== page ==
The Grandest Wager
Is Trump betting on Russia to help contain China?
Donald Trump kissed Vladimir Putin on the lips, at least in a Saturday Night Live skit in November.
Whether romance or bromance, Trump’s embrace of the Russian leader looks to be especially tight. During the American presidential campaign, Putin could commit no hostile or dangerous act that Trump did not explain away. After November 8, the president-elect staunchly defended the Russian from, among other things, hacking charges made by the American intelligence community. Trump famously compared the Kremlin strongman favourably to President Barack Obama.
What explains Trump’s Russia-friendly views? Some think he is compromised by a video taken in a Moscow hotel room monitored by the FSB, the Russian security agency, as a shadowy dossier publicized by BuzzFeed in January suggests. Maybe he is merely grateful for Russia leaking material damaging to Hillary Clinton during the bruising campaign. Others say Putin, who has reportedly courted Trump for at least five years, has simply managed to appeal to his famous vanity. Perhaps, despite fresh denials, the American president, once more famous for being a tycoon, depends on indirect Russian financing for his businesses.
Or it is possible Trump could have an overarching strategic vision of enlisting Russia to contain what he perceives to be the greatest challenger to America, the People’s Republic of China. In a world Gerald Seib of the Wall Street Journal calls “tripolar,” “a rising China” and “a newly re-assertive Russia” have taken on America.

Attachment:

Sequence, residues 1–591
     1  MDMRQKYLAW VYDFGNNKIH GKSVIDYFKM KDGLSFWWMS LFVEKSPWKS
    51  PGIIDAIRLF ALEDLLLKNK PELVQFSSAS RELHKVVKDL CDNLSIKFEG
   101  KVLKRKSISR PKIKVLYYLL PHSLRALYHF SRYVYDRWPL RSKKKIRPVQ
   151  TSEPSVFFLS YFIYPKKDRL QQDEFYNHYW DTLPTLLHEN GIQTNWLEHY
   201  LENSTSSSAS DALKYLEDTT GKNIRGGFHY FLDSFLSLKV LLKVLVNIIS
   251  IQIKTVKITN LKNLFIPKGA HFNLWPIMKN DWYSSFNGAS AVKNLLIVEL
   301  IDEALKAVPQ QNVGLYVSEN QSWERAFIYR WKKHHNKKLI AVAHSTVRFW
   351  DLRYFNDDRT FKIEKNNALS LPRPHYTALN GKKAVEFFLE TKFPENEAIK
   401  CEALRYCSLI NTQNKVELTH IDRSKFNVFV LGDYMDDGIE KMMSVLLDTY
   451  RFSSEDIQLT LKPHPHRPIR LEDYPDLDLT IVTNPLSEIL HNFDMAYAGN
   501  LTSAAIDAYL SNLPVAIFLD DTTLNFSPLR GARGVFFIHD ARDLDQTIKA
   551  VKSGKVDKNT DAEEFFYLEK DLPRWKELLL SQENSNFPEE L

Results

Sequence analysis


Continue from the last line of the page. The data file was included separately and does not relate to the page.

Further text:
“Trump doesn’t want to waste time or focus facing down small-timers-by-comparison like Putin,” Robert Blohm, just back in the Toronto area after a decade-long stint as an economic policy advisor in Beijing, told the Literary Review of Canada. “He wants to prepare for the big-mama showdown, to be the historical hero beast-slayer.” If Blohm is right, Trump is making a grand wager and beginning what could be a multi-decade effort to separate Russia from China.
The Cold War started with China, ruled by Chiang Kai-shek’s Nationalist Party, on America’s side. But after the Communist Party under Mao Zedong drove Chiang to Taiwan in 1949, effectively ending the long-running Chinese civil war, China switched, signing a treaty of friendship, alliance and mutual assistance with Moscow in early 1950. Fraternal communist unity soon broke down, however, as Mao, the founder of the People’s Republic, became disaffected with Nikita Khrushchev and his “revisionism.” The Soviets and Chinese even fought an undeclared border war in 1969.